Even as the lights came on for many who lost power in New York and New Jersey during the superstorm and a later nor'easter, hundreds of residents protested Saturday outside a Long Island utility, frustrated by its slow response to outages.
Even as the lights came on for many who lost power in New York and New Jersey during the superstorm and a later nor’easter, hundreds of residents protested Saturday outside a Long Island utility, frustrated by its slow response to outages.
Power restoration has been slower there than in other areas hit by Superstorm Sandy, sparking criticism of the Long Island Power Authority. Some of the 130,000 blacked out homes and businesses the utility serves may not have power restored until the end of Tuesday, according to LIPA.
In the rest of the region hardest hit by the storm, most service was expected to be restored by the end of the weekend, though that doesn’t include tens of thousands of homes too damaged to juice up.
“We are sitting in a cold house. No one comes by,” said John Mangin of Levittown, N.Y. “There should be criminal charges against the CEO and the executive board of LIPA for failure to do their jobs.”
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He was among about 300 people staging a rally in front of LIPA’s office in Hicksville, N.Y. Not all were without power, but some who have power said they were there to protest LIPA’s lack of communication.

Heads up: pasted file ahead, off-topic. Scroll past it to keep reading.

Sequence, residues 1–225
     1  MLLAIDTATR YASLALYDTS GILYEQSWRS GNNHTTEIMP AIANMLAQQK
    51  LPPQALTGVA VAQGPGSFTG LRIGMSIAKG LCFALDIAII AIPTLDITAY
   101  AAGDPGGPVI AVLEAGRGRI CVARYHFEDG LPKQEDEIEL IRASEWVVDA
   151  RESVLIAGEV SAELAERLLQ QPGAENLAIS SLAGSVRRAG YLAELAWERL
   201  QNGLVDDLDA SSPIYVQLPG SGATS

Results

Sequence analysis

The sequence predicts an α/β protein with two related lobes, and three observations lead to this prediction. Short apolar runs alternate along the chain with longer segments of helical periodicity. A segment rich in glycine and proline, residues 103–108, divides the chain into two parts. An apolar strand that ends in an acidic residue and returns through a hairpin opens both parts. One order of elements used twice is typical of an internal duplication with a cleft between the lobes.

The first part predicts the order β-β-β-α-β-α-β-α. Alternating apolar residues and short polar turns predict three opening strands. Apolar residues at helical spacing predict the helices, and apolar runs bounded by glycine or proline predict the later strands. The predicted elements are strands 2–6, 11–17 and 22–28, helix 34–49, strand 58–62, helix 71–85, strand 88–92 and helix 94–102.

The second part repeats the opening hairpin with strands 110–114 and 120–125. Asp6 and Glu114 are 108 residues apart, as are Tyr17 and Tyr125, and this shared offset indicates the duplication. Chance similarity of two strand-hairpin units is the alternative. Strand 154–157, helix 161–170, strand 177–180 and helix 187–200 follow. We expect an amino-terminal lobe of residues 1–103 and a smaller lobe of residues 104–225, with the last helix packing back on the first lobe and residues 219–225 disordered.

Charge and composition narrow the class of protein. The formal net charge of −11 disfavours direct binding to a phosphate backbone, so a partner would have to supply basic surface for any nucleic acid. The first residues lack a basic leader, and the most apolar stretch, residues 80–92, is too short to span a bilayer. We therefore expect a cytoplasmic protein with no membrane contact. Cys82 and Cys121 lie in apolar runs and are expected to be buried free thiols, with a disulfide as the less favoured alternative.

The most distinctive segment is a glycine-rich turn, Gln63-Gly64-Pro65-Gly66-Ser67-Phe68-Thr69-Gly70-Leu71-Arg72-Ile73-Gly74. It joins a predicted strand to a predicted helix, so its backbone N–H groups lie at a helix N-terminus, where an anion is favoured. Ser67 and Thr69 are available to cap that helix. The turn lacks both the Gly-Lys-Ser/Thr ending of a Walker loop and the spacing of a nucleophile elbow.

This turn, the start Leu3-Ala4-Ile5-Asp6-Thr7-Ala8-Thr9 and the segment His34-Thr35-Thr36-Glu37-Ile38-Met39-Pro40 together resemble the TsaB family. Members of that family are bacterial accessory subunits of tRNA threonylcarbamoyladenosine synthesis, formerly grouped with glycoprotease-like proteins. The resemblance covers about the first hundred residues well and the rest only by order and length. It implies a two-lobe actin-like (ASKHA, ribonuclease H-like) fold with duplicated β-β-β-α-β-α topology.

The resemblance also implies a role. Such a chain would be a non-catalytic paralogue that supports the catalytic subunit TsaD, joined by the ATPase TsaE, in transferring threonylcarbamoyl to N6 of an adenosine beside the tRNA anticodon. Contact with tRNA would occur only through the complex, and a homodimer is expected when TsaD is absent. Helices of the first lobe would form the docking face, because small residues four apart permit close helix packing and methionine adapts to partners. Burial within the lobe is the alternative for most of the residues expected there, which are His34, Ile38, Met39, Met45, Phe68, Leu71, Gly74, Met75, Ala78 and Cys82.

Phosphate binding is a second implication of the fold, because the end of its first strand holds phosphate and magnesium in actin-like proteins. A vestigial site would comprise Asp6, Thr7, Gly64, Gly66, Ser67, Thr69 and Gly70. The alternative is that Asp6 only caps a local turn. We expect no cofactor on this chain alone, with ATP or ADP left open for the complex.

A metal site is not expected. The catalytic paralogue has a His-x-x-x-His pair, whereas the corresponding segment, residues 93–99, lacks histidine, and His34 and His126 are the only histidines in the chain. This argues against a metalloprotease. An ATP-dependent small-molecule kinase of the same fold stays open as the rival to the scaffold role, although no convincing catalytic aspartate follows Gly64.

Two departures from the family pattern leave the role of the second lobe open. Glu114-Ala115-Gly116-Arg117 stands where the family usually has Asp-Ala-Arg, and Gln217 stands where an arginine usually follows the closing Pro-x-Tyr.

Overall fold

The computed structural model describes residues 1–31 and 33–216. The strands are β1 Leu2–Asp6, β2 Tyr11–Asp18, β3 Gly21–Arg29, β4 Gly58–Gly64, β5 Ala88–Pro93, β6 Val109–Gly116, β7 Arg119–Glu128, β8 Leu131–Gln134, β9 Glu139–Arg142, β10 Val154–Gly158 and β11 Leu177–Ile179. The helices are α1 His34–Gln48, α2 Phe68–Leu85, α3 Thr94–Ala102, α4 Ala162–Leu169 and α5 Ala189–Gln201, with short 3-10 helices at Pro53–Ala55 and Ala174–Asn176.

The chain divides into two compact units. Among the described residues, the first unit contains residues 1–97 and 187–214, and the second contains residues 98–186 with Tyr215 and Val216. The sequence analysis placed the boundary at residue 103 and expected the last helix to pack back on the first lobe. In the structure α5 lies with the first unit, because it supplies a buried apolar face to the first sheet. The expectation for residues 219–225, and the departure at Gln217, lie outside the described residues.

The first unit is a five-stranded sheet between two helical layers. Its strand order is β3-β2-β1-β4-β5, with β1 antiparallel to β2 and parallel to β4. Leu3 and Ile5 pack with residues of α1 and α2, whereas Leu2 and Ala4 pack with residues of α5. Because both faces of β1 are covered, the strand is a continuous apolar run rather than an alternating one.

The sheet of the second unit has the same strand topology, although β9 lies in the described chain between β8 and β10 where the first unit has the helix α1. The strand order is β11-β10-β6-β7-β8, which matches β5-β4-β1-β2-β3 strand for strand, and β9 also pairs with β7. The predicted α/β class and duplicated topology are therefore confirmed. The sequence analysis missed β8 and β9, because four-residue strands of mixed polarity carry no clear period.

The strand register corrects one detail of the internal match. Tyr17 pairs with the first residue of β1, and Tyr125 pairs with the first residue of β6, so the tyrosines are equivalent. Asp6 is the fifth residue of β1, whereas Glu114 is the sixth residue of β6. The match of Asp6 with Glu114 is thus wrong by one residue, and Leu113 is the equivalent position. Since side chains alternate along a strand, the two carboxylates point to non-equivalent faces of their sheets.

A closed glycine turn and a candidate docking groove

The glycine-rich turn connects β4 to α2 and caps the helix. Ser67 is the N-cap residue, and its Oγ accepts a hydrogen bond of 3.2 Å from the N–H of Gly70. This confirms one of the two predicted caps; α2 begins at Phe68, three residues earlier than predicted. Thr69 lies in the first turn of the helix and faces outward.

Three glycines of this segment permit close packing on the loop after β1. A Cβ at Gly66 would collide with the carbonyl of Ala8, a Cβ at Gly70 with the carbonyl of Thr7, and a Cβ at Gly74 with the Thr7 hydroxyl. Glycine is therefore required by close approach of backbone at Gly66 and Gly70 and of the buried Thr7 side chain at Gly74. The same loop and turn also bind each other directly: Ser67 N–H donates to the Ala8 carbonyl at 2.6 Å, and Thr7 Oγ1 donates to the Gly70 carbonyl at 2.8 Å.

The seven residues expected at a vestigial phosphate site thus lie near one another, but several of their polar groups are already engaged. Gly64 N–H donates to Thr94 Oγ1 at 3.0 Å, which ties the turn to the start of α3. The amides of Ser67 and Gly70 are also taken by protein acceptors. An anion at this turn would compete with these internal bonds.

LIPA Chief Operating Officer Michael Hervey said the utility was aware that customers haven’t gotten the information they’ve needed from it, partly because of an outdated information technology system it’s in the process of updating.
“I certainly feel the frustration of customers whose power remains out. Our hearts go out to them,” Hervey said.
But he said workers are repairing unprecedented storm damage as fast as they can. About 6,400 linemen and 3,700 tree trimmers are at work, compared with 200 linemen on a normal day.
In Suffolk County, where about 28,000 customers remain without power, County Executive Steven Bellone announced he was cutting ties with LIPA and would deal directly with substation coordinators.
Hervey said he would not comment on that directly, but added that an ad hoc takeover of the system would lead to anarchy.
“The utility is the best suited to restore power and manage that,” he said. “We can’t have people step in and take over.”
New York Gov. Andrew Cuomo has called for an investigation of the region’s utilities, criticizing them as unprepared and badly managed. On Friday, two congressmen from Long Island called for the federal government to help LIPA restore electricity.
“It’s a totally disorganized effort, and LIPA unfortunately seems to have lost control of the situation and that’s why you see so many people becoming so angry,” Rep. Peter King said Saturday.
In New York City and neighboring suburban Westchester County, utility Con Edison said about 11,400 customers remained powerless, down from a peak of more than 1 million. The number of remaining outages doesn’t include about 30,000 Brooklyn, Queens and Staten Island homes and businesses that the utility says are too damaged to receive power for now.
In New Jersey, fewer than 85,000 customers were without power Saturday, most along the coast. That was down from 2.7 million at the height of the storm. Most were expected to have power by the end of the weekend.